Now, I dealt with that here. Geoff was lying. Otherwise, how did the Royal Marine pictured in the NAO report in southern Iraq manage to be wearing woodland camouflage?
The Committee took evidence from the chief of joint operations at Permanent Joint HQ, Lieutenant General John Reith, on the kit scandal. Here's what he had to say:
"251. Notwithstanding the Secretary of State's comments in May 2003 about desert boots and clothing, Air Marshal Burridge told the Committee in June 2003 that that he had encountered personnel wearing black boots when he visited Basra on 23 April. This was confirmed during our visits when we were told that some desert boots and combats arrived after the major combat phase. In July 2003 General Reith told us that:
!Turning to the clothing and the boots, I was not concerned about that at all. The temperate equipment we have, the combat clothing is designed up to 39 degrees centigrade and the boots up to 35 degrees centigrade."
252. General Reith's comment that he was not concerned about the desert clothes and boots issue appears to ignore the fact that green combat clothing does not provide the same camouflage effect as desert clothing in an environment such as Iraq. It also begs the question as to why MoD procured desert clothing and boots specifically for the combat operation."
Indeed. It also begs the much-asked question as to why Mr. Hoon has yet to resign in disgrace. But there is much, much more. The Committee repeats the previous bashings about the supply of nuclear, biological and chemical defence gear, hopeless asset-tracking and all the stuff we already know. Curiously, given Hoon's crack about meals "of the sort issued by the United States", the MPs were especially impressed by the cooks' efforts. But the interesting stuff was much earlier. According to General Reith, the US Central Command was working on plans in the spring of 2002. General staffs exist to plan for anything, all the time, but I have a real feeling that this may have had baleful political implications. Especially as,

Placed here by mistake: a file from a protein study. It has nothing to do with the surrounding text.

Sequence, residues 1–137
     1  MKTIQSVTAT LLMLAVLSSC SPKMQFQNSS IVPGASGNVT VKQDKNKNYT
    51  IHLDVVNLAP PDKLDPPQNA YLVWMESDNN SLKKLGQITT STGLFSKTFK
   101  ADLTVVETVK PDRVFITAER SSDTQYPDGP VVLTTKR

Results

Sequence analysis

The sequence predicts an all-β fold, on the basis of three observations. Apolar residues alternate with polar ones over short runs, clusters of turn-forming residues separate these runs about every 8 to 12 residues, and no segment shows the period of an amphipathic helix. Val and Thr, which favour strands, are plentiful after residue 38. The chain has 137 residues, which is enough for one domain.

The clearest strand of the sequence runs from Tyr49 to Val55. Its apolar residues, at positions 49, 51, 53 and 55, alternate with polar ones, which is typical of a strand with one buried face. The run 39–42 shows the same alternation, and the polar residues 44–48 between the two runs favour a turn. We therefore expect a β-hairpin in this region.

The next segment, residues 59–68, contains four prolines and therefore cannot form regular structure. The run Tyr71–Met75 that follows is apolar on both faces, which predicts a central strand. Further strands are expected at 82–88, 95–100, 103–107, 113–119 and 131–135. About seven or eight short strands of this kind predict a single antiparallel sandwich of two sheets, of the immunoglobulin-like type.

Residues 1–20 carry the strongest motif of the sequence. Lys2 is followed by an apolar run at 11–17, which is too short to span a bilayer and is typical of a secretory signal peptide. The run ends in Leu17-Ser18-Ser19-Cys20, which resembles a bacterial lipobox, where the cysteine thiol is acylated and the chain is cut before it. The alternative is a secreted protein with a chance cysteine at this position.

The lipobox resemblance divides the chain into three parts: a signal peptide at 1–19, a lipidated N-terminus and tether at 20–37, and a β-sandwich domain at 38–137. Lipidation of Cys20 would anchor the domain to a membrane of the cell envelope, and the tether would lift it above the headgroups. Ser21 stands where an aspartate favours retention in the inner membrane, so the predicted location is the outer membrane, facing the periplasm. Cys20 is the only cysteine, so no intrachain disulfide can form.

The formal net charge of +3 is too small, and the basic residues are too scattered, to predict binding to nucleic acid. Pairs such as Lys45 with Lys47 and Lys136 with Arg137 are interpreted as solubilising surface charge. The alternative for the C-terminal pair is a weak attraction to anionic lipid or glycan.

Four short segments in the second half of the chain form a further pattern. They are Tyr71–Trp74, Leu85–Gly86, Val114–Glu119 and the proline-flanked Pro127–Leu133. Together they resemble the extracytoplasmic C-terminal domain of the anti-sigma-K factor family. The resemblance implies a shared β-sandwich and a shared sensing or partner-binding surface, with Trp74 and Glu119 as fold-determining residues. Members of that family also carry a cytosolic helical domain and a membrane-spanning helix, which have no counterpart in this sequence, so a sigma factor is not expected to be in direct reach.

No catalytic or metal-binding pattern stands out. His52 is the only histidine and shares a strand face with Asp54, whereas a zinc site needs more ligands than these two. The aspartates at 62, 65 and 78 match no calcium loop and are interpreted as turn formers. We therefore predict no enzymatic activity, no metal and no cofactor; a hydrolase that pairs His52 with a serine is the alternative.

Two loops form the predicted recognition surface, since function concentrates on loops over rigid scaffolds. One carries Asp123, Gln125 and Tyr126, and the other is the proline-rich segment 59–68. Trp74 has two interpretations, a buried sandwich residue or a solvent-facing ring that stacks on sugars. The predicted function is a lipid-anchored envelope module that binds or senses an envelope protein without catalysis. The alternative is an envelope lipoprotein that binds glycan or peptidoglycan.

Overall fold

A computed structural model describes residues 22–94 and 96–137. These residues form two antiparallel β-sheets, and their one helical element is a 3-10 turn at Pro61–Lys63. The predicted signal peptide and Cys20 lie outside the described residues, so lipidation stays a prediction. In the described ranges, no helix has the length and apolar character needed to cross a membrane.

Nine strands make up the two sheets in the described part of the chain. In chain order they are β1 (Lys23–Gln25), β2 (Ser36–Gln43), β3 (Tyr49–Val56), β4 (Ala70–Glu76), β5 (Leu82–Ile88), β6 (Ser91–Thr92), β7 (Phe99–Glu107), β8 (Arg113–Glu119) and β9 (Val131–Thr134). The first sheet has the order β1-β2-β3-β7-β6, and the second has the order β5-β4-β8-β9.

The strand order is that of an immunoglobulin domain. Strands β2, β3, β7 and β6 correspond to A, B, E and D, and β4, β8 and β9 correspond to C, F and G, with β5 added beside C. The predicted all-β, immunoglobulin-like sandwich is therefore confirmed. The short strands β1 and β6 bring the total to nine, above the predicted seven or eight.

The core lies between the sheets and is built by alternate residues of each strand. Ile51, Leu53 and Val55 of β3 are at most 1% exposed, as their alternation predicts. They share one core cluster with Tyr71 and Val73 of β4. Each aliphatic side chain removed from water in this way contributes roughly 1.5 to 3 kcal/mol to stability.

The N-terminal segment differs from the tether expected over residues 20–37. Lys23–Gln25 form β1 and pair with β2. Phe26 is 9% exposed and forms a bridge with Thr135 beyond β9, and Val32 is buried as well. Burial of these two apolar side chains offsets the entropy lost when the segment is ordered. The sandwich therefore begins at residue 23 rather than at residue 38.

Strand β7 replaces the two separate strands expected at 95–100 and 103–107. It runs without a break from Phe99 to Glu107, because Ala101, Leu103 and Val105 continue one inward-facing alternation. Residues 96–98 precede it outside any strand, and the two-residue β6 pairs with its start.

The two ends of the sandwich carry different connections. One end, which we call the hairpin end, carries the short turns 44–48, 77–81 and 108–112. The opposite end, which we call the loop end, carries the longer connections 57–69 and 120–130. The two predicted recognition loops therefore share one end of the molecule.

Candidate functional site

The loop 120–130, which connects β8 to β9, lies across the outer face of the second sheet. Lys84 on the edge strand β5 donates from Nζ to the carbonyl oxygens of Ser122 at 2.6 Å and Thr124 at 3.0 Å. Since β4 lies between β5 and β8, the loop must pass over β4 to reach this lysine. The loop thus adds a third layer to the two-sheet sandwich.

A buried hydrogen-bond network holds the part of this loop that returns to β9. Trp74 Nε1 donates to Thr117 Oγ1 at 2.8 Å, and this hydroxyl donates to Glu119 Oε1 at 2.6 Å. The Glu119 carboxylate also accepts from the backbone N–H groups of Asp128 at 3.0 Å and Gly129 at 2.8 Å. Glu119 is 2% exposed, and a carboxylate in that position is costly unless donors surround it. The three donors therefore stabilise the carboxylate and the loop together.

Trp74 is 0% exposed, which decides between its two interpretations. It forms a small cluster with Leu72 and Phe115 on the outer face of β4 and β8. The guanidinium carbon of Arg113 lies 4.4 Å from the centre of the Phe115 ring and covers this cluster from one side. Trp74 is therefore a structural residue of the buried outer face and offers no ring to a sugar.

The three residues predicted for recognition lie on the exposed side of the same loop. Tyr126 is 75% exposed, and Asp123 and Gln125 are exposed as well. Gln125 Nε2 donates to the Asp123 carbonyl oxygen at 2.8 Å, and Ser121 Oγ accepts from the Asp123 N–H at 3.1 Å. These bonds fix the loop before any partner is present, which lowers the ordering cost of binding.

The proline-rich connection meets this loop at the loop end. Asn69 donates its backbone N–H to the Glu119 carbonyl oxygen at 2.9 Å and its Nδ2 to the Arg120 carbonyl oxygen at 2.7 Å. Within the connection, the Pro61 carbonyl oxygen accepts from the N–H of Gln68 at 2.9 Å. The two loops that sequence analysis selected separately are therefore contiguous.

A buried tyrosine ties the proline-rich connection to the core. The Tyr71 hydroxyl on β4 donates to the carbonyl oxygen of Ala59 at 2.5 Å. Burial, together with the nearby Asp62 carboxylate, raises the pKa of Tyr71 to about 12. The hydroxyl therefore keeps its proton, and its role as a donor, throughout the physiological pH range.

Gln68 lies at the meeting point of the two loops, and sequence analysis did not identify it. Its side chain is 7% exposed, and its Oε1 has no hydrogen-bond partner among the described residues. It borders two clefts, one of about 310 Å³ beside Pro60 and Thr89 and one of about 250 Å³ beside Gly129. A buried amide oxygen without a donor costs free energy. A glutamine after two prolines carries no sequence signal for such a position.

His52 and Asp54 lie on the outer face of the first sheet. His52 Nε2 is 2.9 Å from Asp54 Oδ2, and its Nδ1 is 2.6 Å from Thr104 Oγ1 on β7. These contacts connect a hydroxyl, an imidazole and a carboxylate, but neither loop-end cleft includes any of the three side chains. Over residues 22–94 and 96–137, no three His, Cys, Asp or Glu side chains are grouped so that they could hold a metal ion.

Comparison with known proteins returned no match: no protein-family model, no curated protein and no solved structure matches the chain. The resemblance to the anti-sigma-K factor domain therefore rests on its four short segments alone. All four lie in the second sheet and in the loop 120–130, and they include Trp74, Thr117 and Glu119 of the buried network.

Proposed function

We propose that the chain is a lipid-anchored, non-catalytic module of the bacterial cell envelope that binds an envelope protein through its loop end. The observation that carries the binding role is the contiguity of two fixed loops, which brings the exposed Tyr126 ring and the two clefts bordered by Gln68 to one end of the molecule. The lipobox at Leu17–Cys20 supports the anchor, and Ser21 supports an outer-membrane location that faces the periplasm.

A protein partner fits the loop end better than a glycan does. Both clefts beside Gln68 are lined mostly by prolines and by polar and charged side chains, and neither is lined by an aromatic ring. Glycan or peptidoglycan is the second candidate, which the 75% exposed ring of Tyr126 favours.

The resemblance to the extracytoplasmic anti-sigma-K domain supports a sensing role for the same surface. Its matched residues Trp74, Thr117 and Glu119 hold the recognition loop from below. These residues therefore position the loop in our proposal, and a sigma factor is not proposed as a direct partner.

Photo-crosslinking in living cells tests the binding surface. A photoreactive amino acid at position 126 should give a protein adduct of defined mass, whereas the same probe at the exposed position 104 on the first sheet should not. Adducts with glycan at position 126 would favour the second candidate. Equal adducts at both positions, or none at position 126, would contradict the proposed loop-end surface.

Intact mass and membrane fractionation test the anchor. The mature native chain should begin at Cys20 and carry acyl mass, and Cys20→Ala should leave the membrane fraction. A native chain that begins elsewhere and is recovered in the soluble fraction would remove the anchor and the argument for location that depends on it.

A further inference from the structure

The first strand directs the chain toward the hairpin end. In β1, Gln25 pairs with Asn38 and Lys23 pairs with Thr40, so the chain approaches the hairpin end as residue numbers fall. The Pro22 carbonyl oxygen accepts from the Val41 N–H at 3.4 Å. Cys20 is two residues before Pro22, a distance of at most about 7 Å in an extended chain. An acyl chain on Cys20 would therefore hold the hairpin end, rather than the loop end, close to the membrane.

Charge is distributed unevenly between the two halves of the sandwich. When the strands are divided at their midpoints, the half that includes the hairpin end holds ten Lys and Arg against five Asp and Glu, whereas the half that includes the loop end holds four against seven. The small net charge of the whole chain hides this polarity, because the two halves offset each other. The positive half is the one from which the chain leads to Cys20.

it sez here, the British forces were already discussing UORs, urgent operational requirements (the process by which extra kit needed for a given current purpose is purchased), with industry. Curiously, both Sir Kevin Tebbit and the director of policy at the MoD were convinced nothing had been said that would make a commitment - especially not before June. But if materiel was already being purchased in May? It has a smell of 1914 and railway timetables. And Geoff Hoon, of course, said that no decisions on a specific military operation had been taken before the prime minister's statement of the 24th of September, 2003.
Besides the pure Iraq-war bash factor, some interesting points arise concerning close air support, the key to the MoD's wishes for a new, lightweight, highly deployable and networkcentric army. The entire idea that these jargon words convey is one of substituting army aviation, especially the new Apache helicopters, and air power for tanks and heavy artillery. For this to work, for aerial firepower to be as present as a tank, what is needed is very close integration of the army and the air force at the lowest possible level. A couple of tiresome blots on the flawless Hoon escutcheon might suggest this remains to be achieved - like the Household Cavalrymen who were slaughtered by the US Air Force. Pars 100 to 102 of the report are better: